There is a great deal of confusing information about tea and its benefits, especially when it comes to the skin. The good news is that there are some great skin benefits to tea; the difficulty is figuring out how to get the benefits.
There has been research regarding green and black tea and sun protection, but drinking herbal tea won’t do the trick. The “true” teas, including white, green, black, and oolong tea, are all derived from the leaves of the tea tree. These different tea varieties are formulated by allowing the leaves to oxidize to varying degrees.
It is important to note that the term “herbal tea” traditionally refers to infusions of fruits or herbs and typically contains NO ACTUAL TEA. I cannot stress enough that herbal teas rarely contain any true tea.
Most of the research on tea has focused on green tea, but it’s known that black tea also offers beneficial effects to skin and other body organs. The beneficial nutrients in tea are polyphenols. Tea polyphenols possess antioxidant, anti-inflammatory, and anti-carcinogenic properties. One of the polyphenols in green tea, epigallocathechin gallate, or ECGC, has been shown to be 100 times more powerful as an antioxidant than vitamin C and 25 times more potent than vitamin E. There is a clear sun-protective effect to tea, and scientific work on green tea as an agent for preventing aging of the skin is promising.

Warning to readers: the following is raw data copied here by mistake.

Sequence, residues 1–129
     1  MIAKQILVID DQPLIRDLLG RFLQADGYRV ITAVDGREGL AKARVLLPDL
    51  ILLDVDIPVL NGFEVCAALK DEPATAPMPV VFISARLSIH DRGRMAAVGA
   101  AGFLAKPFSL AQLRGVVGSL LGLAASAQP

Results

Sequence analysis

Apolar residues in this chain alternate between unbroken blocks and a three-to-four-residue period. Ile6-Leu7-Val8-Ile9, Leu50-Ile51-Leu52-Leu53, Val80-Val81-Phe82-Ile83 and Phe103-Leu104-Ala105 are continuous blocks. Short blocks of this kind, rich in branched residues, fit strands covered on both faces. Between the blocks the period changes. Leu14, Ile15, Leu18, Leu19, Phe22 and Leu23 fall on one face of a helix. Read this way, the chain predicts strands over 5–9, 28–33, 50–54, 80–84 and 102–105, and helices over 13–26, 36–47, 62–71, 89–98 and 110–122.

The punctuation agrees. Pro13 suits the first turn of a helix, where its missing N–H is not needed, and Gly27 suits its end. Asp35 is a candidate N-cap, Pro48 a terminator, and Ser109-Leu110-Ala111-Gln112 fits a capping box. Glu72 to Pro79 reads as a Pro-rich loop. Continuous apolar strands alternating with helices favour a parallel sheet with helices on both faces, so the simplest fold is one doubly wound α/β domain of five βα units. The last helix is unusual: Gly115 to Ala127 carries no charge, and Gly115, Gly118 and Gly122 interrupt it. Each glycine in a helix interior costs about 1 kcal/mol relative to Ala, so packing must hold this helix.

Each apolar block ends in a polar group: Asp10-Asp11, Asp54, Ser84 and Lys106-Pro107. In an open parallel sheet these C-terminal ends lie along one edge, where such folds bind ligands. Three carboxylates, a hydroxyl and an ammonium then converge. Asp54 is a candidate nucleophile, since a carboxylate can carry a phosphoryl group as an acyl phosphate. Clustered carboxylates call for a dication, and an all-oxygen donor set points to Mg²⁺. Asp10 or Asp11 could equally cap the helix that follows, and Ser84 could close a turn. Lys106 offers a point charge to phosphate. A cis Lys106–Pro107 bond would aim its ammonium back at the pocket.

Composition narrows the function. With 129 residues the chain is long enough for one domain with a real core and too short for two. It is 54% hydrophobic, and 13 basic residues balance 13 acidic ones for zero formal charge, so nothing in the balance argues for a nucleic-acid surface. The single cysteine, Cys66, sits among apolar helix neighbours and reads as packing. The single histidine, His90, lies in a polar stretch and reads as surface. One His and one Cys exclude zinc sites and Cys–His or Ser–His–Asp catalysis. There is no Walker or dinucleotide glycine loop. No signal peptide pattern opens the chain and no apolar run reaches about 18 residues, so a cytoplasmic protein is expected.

It is the ultraviolet component of sunlight that causes collagen damage wrinkling, premature aging, the redness and swelling of a sunburn, and the DNA damage that leads to skin cancer. As far back as 1991, researchers from Case Western Reserve University demonstrated that feeding a green tea extract to mice could protect them from ultraviolet light-induced skin cancers. Further research from Dr. Wang at Case Western Reserve University has shown that drinking green tea extract prevented ultraviolet light-associated skin redness, swelling, and DNA injury in mice. Other green tea research has shown that consuming green tea extract delayed collagen aging related to ultraviolet light.
Basically, mice that were given the equivalent of 5 to 6 cups of green tea every day had reduced ultraviolet damage, a diminished burn reaction, and a lower occurrence of skin cancer. Nashai Biotech research has shown that drinking regular black tea, decaffeinated black teas, or decaffeinated green tea can also be effective in preventing sun-induced skin tumors in mice.
As a topical agent applied directly to the skin, green tea extract is also effective for preventing ultraviolet-induced skin damage. Consequently, many cosmetic companies have begun to add green tea extract to moisturizers, sunscreens, and anti-aging creams.
Drinking green tea or green tea extract is a great way to help prevent sun damage and slow aging of the skin. Green tea can be an important part of any skin care regimen and should be consumed daily, but a cup of tea isn’t enough to protect anyone from a day in the sun. A sunscreen that covers both UVA and UVB with an SPF of greater than 15, reapplied every two hours while in the sun or after swimming, is the most important thing anyone can do for their skin.